It is said that they’re making a fourth Mission: Impossible movie, and that Brad Bird is in talks to direct it. I think this is a fantastic idea.
A big reason for my enthusiasm is, of course, the involvement Brad Bird himself, a talented filmmaker who made one of the best superhero movies there is with The Incredibles, and who topped it by making a movie about a rat with a keen interest in French cuisine just as engaging.
But the fact of the matter is, I love the Mission: Impossible movies. “But Justin,” you might well say, “the Mission: Impossible franchise … well, it’s hardly even a franchise at all, is it? It’s just generic spy action – those could be any movies. Why, you don’t even have a memorable lead character! Ethan Hunt has no distinguishing characteristics; he’s just Tom Cruise with a gun, which means all he really does is alternate between his intense face and that cocky smile he does, depending on the situation.”
Well, the first thing I would say is that Cruise may only have two expressions, but he does them both so very well. I usually like watching Tom Cruise in things, and I can think of no reason for this other than he just radiates charm; certainly it’s not a mystery why this guy is a movie star, right?
But onto the larger issues … look, the thing is, not a whole lot of people today – especially not in that youthful demographic the films are aiming for – have ever seen the original TV show or know what it was like (for the record: I’ve never seen it either). But you know what everyone in America does know, even if they’ve never seen that show?
Bum, bum, ba-da, bum, bum, ba-da, bum, bum, ba-da, bum, bum, ba-da deedillooo…deedillooo…deedillooo…da na. BA-NA-NAAA…BA-NA-NAAA…BA-NA-NAAA…NA NA!
Um, and so on. They are not making the movie version of the show, they are making the movie version of that song, because that is one of the most stirring television themes ever written. The producers felt pretty safe that as long as you had that theme, a couple of catchphrases from the show (“Your mission, should you choose/decide to accept it” and “This message will self destruct in five seconds,” which everybody also knows despite never having seen that show) a bankable leading man, and a lot of explosions, you could put pretty much anything in there and it would sell.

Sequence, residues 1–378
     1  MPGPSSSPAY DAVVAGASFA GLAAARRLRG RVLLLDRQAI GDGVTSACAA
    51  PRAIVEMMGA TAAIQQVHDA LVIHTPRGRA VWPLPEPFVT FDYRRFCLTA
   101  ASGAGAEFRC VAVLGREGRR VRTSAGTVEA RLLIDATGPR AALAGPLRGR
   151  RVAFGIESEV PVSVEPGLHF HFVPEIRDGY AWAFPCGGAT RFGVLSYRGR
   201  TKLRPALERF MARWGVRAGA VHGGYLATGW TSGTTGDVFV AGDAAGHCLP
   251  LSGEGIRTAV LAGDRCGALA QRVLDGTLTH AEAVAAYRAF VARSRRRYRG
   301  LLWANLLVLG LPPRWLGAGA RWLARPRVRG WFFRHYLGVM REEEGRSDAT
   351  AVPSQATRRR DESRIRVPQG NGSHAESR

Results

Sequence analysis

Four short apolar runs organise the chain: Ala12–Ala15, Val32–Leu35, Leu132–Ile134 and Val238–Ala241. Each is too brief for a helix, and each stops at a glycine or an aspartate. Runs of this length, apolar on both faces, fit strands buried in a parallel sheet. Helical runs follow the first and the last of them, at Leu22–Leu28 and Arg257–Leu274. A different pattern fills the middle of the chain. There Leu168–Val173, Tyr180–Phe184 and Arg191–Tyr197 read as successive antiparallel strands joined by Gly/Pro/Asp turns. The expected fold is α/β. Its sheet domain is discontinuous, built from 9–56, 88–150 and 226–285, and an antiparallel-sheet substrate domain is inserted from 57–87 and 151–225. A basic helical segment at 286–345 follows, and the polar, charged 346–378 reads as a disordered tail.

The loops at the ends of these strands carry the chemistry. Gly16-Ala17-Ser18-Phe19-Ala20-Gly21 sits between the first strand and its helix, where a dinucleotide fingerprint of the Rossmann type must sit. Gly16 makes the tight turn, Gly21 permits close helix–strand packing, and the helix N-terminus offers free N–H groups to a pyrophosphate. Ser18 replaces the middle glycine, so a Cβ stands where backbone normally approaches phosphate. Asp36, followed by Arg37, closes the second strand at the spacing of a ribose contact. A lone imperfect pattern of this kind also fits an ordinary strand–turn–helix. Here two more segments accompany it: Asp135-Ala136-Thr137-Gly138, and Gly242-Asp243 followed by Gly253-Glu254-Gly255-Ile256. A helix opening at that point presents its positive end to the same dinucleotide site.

Instead of being a weakness, however, it turns out to be the franchise’s greatest strength.
See, James Bond movies are very clearly defined stylistically. There is a relatively narrow range of things you can do with Bond, and when you start moving out of that range, moviegoers go, “Hmm, I don’t know…it doesn’t feel like James Bond.” You could never put, say, Quentin Tarantino, or Edgar Wright, or John Carpenter on a Bond movie. It wouldn’t work, because their styles are all so distinctive and so not-Bond. What you need are extremely talented, but not flashy, directors to do 007. The direction must serve the franchise.
But the Mission: Impossible franchise, as it exists, has no unity of theme or character or style, so it doesn’t matter if they don’t match up. There is no recognizable franchise to serve, so you can get very talented directors and just let them go nuts. So the first movie is very much a Brian DePalma movie, very stylish and glossy. The second movie is John Woo doing his ultracool gun stuff, right down to the doves. And the third one lets J.J. Abrams revisit his Alias political-intrigue-and-personal-stakes bag of tricks. Three different directors with three different styles produce three movies that have absolutely nothing to do with one another. So the sort of metatextual brilliance in all this – which I’m sure was not planned, but it’s there anyway – it’s not just Ethan Hunt being given his assignment, it’s also the directors…
“Your mission, should you choose to accept it, is to make an action movie using the following elements:
1. Tom Cruise, and a box for him to stand on when interacting with taller actresses.
2. Ving Rhames as a guy who constantly points out how dangerous/impossible/crazy the mission they’re on is as a way to pump up the tension a bit.
3. A pre-existing suspension of disbelief that you can make masks so lifelike that they’re indistinguishable from the original person (despite differences in height, weight, etc.), yet peel off painlessly with one good tug.
…and of course…
4. Bum, bum, ba-da, bum, bum, ba-da, bum, bum, ba-da, bum, bum, ba-da deedillooo…deedillooo…deedillooo…da na. BA-NA-NAAA…BA-NA-NAAA…BA-NA-NAAA…NA NA!”